A drugged-up teenage arsonist who firebombed a speed camera in a revenge attack after it caught his friend speeding has been fined.
Michael Duncan, 19, was spotted by police in the early hours spraying petrol onto an already ablaze traffic enforcement camera on December 27 last year.
Officers approached the yob to find he “smelt heavily of petrol” and when searched they found a plastic bottle containing the fluid and a lighter.
A court heard Duncan had taken “ten rocks” of crack at a pal’s flat when he suggested they set fire to the camera that had led to his friend being fined.
The pair headed to a petrol station where they filled up a container before transferring it to “squeezy bottles” and setting fire to the machine in Worcester.
Duncan pleaded guilty to charges of attempted arson and having an article with intent to destroy at Worcester Magistrates’ Court on Monday (5/3).
He was given a nine-month community order, which includes ten rehabilitation activity requirement days and 20 hours attendance at a senior attendance centre.
Duncan, of Ronkswood, Worcester, was also ordered to pay a total of £310 in fines and costs, which the court heard his mum would pay for him.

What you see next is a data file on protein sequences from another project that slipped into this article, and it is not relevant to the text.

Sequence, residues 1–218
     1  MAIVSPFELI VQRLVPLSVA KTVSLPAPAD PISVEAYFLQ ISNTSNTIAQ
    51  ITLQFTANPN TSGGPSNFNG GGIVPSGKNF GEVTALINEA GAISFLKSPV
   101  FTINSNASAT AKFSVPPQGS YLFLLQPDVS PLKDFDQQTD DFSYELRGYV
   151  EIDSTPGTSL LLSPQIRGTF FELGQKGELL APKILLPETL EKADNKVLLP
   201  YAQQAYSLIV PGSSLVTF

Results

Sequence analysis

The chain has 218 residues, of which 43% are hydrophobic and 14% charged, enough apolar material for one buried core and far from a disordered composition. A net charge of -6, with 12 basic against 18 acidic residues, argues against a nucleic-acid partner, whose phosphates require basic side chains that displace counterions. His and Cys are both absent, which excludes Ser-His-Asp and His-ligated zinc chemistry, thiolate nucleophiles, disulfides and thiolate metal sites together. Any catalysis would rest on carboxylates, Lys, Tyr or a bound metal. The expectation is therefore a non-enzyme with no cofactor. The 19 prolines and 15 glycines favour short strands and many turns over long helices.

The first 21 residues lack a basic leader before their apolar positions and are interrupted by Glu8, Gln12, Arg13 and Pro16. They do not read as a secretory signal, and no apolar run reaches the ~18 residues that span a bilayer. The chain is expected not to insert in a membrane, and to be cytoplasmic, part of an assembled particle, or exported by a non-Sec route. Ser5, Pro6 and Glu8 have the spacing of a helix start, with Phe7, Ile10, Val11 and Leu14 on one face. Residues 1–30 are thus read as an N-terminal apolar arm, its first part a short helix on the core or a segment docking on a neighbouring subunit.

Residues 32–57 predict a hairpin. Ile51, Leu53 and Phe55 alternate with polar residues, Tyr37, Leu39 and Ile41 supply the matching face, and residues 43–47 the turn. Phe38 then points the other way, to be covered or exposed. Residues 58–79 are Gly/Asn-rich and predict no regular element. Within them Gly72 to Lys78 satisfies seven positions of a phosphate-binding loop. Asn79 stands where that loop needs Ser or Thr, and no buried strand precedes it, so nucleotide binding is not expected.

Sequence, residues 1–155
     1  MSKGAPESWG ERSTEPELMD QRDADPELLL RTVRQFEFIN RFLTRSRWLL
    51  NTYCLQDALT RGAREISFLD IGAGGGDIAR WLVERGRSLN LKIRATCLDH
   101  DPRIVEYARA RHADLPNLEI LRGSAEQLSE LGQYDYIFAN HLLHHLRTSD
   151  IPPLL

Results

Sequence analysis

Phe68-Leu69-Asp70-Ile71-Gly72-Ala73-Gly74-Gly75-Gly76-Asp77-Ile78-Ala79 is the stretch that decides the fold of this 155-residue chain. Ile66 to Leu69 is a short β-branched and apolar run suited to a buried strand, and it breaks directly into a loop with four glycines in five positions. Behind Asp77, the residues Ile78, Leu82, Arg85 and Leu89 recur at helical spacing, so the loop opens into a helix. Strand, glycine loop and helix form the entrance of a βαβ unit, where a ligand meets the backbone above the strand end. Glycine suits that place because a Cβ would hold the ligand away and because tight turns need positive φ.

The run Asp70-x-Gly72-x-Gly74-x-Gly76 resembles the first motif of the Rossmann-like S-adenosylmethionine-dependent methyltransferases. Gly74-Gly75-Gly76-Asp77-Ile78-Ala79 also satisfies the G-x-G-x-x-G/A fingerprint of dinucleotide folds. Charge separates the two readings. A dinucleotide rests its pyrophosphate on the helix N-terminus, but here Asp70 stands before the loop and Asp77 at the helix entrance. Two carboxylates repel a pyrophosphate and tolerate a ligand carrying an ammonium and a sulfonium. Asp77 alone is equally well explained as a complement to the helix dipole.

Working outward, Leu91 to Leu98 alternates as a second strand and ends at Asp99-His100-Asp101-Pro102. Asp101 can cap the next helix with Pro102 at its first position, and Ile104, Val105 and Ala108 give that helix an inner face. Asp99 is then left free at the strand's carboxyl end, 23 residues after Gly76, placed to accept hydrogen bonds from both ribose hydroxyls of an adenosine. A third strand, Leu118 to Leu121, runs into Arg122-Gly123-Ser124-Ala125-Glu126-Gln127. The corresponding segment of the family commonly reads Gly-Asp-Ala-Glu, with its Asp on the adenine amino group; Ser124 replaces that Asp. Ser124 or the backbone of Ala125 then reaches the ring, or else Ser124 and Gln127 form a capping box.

Chair of the bench David Shadwell praised the support of Duncan’s mother but said the community order would help him become more independent.
He said: “This is about helping you improve on your current situation.
“Thanks mum for paying that and you will get it back, I am sure, through other means.”
Prosecutor Collette Orton said Duncan had taken crack that day and was seen by officers “actively applying petrol on the flames”.
Neil Davis, defending, said that “no damage was caused by his actions” – despite the camera being alight.
He told the court Duncan “had a problem with class A drugs” and “had taken drugs before the events on that night”.
He added: “Other people were involved in egging him on.
“He was the stupid person who did it, he accepts that.
“He stopped [taking drugs] and went cold turkey with the help of his mother, who is sitting at the back of the court.”
Mr Davis said his client was “actively looking for employment” and previously worked as a trainee chef – with this being his first offence.
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